Preparing to attend the Scifoo I stumbled on a project by one of the attendees:
They say is about “wealth without money”, a macro universal assembler (OK, another name for a huge 3D printer, but still rocks!) that will be able to autoreplicate and construct a great diversity of things, with models you can create or download from the Internet. The models will tell the assembler how to create from bicycle helmets to chairs. Of course, some designs will be proprietary if the idea takes off, but eventually those proprietary designs will be back-engineered and copied. What will happen to global economy? I wish I knew, but fear mongers are talking about the destruction of it I do not think so, FOSS clearly show that people is still able to create good, professional and reliable products when no money is involved. For the sake of the creative process. Sure, a lot of people will say that they are not playing this game, and they have the right to refuse, but if with the RepRap we improve the living standards for billions, we would raise the numbers of potential creators, since well-fed healthy and happy people with the right tools is more prone to think on other things that survival (I am speaking from personal experience, my grades rose around 30% once I got my first second hand PC, when I was 20).

What I love about the RepRap is that is totally OS, you can improve it, you can create you own machine (well, you will once it is finished), your own designs, suited for your needs and problems. Maybe this will be a major milestone for an agalmic society and an example of the wild changes that are waiting for us in the case nanoassemblers become possible. But what I like the most about RepRap is that it takes off the clouds above my head. Maybe the nanoassemblers of the future will be OS and released by wealthy humane people that understands that helping to develop intellectual abilities is the best venture capitalism feat that they could ever do. You are skeptic about that? OK. Let’s calculate what’s the value in dollars of the Indian market and how much it saves to American companies thanks to outsourcing. now, tell me, how much of it would have been that way if Green revolution would have not existed?.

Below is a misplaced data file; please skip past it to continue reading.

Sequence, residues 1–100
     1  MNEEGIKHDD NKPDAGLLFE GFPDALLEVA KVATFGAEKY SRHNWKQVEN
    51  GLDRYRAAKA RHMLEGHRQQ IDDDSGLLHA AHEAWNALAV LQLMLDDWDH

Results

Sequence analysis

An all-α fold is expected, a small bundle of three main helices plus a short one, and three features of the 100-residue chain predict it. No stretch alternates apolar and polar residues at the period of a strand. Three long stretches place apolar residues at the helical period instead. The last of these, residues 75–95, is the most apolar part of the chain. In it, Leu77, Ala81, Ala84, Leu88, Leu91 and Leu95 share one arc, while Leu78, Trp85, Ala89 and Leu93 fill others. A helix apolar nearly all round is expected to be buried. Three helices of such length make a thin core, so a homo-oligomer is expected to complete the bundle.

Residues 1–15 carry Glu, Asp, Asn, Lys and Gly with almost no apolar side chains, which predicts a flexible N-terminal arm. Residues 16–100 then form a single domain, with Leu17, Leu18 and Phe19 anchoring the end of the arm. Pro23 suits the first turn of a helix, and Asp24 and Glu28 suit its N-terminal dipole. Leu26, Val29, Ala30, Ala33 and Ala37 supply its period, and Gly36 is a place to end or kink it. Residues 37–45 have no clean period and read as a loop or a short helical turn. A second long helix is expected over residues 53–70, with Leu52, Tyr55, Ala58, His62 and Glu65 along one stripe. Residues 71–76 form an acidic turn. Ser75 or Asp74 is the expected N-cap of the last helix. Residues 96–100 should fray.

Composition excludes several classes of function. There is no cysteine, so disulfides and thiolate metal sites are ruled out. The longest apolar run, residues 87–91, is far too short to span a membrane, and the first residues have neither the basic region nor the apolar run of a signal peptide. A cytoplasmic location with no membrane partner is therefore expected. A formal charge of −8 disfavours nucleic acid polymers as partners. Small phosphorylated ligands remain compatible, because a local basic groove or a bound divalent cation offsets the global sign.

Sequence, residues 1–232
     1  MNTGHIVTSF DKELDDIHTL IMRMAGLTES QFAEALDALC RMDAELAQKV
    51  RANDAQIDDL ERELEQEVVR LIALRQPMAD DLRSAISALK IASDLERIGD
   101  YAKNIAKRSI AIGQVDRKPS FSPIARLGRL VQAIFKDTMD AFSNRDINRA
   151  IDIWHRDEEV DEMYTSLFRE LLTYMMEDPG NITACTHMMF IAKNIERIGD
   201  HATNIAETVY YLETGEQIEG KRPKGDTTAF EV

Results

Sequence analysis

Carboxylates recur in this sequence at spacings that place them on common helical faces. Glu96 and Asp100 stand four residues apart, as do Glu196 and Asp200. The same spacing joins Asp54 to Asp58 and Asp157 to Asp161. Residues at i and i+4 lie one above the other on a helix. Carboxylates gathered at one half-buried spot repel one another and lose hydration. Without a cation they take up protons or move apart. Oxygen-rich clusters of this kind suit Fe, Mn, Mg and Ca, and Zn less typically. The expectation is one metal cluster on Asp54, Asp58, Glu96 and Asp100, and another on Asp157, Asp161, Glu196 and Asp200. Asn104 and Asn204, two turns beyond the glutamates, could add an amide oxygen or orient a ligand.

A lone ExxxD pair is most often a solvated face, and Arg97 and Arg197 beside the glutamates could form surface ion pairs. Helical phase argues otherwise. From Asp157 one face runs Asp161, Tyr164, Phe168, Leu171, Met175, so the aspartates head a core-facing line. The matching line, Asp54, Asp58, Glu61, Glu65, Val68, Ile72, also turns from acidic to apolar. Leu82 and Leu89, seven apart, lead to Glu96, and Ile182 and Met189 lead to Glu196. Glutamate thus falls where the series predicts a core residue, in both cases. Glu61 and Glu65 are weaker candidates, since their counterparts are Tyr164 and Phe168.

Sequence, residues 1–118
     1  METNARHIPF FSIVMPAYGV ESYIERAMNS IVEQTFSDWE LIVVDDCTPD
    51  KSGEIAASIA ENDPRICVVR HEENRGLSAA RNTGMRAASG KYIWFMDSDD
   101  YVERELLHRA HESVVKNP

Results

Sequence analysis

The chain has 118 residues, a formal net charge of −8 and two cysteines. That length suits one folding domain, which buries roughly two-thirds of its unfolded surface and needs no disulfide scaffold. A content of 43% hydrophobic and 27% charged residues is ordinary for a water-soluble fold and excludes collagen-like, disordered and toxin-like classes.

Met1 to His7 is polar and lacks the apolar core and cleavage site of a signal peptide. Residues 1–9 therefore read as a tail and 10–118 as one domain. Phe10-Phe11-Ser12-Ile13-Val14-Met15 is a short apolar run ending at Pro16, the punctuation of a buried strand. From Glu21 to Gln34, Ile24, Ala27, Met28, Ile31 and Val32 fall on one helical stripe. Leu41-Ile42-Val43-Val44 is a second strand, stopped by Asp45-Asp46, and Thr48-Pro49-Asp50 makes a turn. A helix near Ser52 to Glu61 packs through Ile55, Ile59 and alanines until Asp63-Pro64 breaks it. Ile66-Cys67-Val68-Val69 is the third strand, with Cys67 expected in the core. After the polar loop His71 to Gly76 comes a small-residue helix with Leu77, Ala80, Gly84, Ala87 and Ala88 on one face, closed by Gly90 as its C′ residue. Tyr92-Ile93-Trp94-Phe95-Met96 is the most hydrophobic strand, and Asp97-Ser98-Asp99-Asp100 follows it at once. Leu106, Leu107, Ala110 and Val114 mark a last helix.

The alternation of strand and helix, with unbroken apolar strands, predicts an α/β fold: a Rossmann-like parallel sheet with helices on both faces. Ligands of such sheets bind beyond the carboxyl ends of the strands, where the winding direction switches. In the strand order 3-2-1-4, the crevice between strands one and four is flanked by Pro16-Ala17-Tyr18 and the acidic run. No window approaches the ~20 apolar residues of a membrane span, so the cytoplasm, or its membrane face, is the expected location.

Sure, Green Revolution is not a Panacea. Even Borlaug acknowledges that. It is a patch that will work while the population is not too high and it also has undesirable side effects, but it’s better than the alternative. We need alternatives, we need to create new methods to stay alive, to live comfortably, to avoid catastrophe, and we would be far more successful if we had a few million people more working on urgent issues, rather than starving to death. Thanks to RepRap and its OS replication the environmental nightmare I foresaw might never come true.

But I still wonder...

PS: Now that I know that I have at least two Indian readers, I would like to ask them some questions, if they don’t mind.
1) Do you think that most of the policy making and planning on a global level and the scenarios about the future are biased and based on a US-EU point of view? Would it be a good thing if those studies included people from more diverse grounds?
2) What do you think about the RepRap? Do you think it would make a huge change or not?
Thank you very much for your comments!

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1 comment:

Al said...

I think this will change the industry in many ways, from the mass producing products to the maintenance of machines. It will be a dream for us engineers to have a self diagnostic and repair machine, but also a nightmare to the people that works now in that, the workers I mean.

About recycle, The developed world think a lot of it, because they grow and live in "Use an throw it" culture, things that were made, 10 years ago to last for 10 to 20 years are now built to last for 5 years at most. How ever, in the third world country there are still people that use second hand products, 20 year old some times (as cars, trucks, or even a laundry machine)

If it is more reliable for the first world to recycle 100%, what will happend to the people of the third that use these second hand machines. There are to possible scenarios, and one is about this kind of machine you talk of, a machine that gives these people the chance of get their own new products, the othe scenario is that the elite society, that has money to access the first world products and technology, this minority, on which I also have the luck to be part, will be the one that still gives to their country citizens, the second hand products.

The other is that the lack of new prodcuts and the lack of resources, make us the third world people, as cuba in present day.